Jim gave a wonderful presentation of his Ellie Stone books, enlightening us about Ellie’s development as a character with high morals. It was also interesting to hear him discuss the pleasures and problems of a small-town setting. The town of New Holland is, he admits readily, very closely modeled on his hometown of Amsterdam, New York. It also is a place where, realistically, you can’t have enough murders to satisfy a series — and so Ellie must encounter some of the crimes she will solve while she is on vacation or on assignment in other places.
Prior to reading a selection from his work, Jim spoke of his experience as a man writing a female protagonist. In response to the question about writing what we know (in particular gender or culture) versus what we don’t know, he reminded us that, as mystery writers, we are all writing something that we (likely) don’t actually do. He reminded us again as he prepared to read that his own gravelly voice should not be construed as Ellie’s, only as the writer-reader’s voice.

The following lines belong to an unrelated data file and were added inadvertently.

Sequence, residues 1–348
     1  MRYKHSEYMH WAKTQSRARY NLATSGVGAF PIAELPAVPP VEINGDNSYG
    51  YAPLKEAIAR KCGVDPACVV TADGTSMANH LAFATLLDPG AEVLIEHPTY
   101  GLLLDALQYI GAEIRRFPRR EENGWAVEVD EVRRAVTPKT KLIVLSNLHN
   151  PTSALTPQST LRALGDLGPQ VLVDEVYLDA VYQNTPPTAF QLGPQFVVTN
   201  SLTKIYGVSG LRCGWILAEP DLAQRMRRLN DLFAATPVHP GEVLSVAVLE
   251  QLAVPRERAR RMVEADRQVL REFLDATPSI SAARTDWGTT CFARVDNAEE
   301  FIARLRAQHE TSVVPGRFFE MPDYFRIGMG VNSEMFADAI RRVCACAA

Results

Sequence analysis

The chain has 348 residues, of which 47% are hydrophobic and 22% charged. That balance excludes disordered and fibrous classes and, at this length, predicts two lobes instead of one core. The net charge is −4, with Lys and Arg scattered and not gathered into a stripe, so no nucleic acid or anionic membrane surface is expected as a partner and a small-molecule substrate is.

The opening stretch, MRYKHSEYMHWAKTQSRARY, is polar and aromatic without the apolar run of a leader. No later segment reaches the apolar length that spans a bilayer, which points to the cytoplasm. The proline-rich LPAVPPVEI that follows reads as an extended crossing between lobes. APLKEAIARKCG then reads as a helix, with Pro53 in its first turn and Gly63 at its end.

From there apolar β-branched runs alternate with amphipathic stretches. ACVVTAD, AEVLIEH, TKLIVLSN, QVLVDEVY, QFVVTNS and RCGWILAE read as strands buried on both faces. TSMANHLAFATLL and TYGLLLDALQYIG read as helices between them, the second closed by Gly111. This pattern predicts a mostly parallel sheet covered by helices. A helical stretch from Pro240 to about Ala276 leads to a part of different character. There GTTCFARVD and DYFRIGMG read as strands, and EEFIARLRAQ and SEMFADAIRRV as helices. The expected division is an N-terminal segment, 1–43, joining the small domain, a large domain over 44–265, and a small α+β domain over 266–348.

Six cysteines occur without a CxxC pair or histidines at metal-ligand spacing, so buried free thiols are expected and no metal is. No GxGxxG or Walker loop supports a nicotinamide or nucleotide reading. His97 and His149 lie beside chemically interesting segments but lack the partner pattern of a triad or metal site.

It is a great pleasure to welcome Jim as a relative newcomer to the Puget Sound area, and now as an official member of our Puget Sound Chapter of Sisters in Crime. He remains a member of his previous chapter in Los Angeles, as well as of our parent, Sisters in Crime national. We look forward to continuing to get to know Jim.